# The power of the complement

## A tactic to handle probabilities is also a surprising trick to make sense of dubious statistics and combat fear of missing out

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Probability is a tricky, unintuitive concept, that has a capacity to trip up even people who might generally be expected to know better. Imagine an urn with 10 balls in it, nine worthless wooden ones and a golden one. If you are allowed to draw one ball, you have a 1-in-10 chance of finding the valuable one. If you draw two balls from the urn, you double your chance to 2-in-10, if you pick nine, you have a 90% chance of picking the golden ball and if you pick all ten, then, well, you are certain to get the prize. Probabilities simply add together, don’t they?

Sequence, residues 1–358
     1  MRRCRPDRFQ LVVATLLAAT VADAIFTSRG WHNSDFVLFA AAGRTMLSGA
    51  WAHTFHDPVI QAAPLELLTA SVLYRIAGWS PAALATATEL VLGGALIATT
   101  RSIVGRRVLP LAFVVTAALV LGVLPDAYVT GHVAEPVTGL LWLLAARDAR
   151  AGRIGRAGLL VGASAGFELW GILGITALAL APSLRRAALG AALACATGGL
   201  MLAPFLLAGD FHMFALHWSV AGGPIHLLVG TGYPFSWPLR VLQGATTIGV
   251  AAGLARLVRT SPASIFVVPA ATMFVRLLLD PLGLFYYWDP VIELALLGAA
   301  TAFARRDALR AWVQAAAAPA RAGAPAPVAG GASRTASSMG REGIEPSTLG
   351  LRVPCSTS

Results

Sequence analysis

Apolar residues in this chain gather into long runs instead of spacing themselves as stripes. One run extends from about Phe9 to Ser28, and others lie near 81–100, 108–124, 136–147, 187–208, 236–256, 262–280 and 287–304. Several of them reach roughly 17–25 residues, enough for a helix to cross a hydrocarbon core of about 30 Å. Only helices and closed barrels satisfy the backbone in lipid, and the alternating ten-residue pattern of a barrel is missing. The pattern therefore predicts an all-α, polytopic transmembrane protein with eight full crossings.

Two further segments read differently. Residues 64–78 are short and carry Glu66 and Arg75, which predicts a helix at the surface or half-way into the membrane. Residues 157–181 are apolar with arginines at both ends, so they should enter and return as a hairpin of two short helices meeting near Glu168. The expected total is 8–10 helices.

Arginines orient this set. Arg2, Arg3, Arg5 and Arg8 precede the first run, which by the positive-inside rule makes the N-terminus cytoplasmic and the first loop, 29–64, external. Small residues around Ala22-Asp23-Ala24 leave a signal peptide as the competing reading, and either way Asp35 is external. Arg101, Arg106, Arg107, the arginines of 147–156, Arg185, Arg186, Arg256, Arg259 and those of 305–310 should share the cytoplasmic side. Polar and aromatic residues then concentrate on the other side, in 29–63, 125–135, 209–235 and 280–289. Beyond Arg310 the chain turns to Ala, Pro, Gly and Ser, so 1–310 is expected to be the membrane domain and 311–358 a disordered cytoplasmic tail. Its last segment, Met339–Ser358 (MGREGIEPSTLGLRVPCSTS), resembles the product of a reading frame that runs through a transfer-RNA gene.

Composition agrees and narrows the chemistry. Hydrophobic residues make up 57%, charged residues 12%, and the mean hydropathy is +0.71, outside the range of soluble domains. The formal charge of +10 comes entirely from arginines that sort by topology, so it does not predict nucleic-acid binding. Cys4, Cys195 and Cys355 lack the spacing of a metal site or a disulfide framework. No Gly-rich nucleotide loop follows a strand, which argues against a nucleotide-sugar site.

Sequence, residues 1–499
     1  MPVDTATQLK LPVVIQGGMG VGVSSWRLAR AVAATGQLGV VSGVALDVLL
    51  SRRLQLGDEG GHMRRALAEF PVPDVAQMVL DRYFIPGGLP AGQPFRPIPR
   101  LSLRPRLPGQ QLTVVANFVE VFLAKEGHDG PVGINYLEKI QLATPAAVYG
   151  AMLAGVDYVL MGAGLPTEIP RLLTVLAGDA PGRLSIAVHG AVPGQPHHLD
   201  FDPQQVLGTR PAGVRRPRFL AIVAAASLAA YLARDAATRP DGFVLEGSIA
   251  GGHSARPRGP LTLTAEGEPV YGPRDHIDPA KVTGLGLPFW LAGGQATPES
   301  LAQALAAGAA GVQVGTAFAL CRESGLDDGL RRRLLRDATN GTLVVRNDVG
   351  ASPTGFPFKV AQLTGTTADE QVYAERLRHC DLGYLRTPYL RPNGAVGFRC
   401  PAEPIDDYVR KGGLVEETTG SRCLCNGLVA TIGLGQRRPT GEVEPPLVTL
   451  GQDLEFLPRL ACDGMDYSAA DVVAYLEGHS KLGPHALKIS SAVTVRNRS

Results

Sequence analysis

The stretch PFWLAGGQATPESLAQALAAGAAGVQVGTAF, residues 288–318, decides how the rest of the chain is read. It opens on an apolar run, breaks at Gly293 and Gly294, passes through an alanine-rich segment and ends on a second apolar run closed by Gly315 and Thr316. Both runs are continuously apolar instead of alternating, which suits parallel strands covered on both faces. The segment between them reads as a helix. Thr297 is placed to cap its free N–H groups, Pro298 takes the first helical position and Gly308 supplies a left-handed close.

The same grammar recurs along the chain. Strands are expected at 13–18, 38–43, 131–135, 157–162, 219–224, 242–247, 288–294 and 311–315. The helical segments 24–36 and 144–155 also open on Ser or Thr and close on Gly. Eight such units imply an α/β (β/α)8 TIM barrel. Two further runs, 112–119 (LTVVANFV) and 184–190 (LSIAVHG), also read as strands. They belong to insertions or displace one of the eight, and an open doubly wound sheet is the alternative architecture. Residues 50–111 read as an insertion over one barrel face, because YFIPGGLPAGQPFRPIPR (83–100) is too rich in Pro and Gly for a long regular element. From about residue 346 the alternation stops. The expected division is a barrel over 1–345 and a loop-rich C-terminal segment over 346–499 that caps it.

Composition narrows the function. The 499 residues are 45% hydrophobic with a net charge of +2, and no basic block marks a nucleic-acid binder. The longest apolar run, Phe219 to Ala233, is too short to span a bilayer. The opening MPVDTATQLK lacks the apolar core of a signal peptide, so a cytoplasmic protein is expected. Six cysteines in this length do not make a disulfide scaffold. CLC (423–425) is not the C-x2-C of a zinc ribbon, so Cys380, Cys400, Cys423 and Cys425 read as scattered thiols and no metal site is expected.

## A chance mistake

Well, not quite. Andrew Huberman, a neuroscientist at Stanford University and host of the Huberman Lab podcast, explains in one of the episodes why couples trying to conceive should wait at least six months before starting to worry that something may be amiss: “ For women under 30, because the probability of getting pregnant on any one attempt is 20%, if it doesn’t occur the first time she should simply repeat at least five and probably six times, before deciding that there is something going on, because 20 times five is 100, so we’re talking about

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Accidental behavioural economist in search of wisdom. Uses insights from (behavioural) economics in organization development. On Twitter as @koenfucius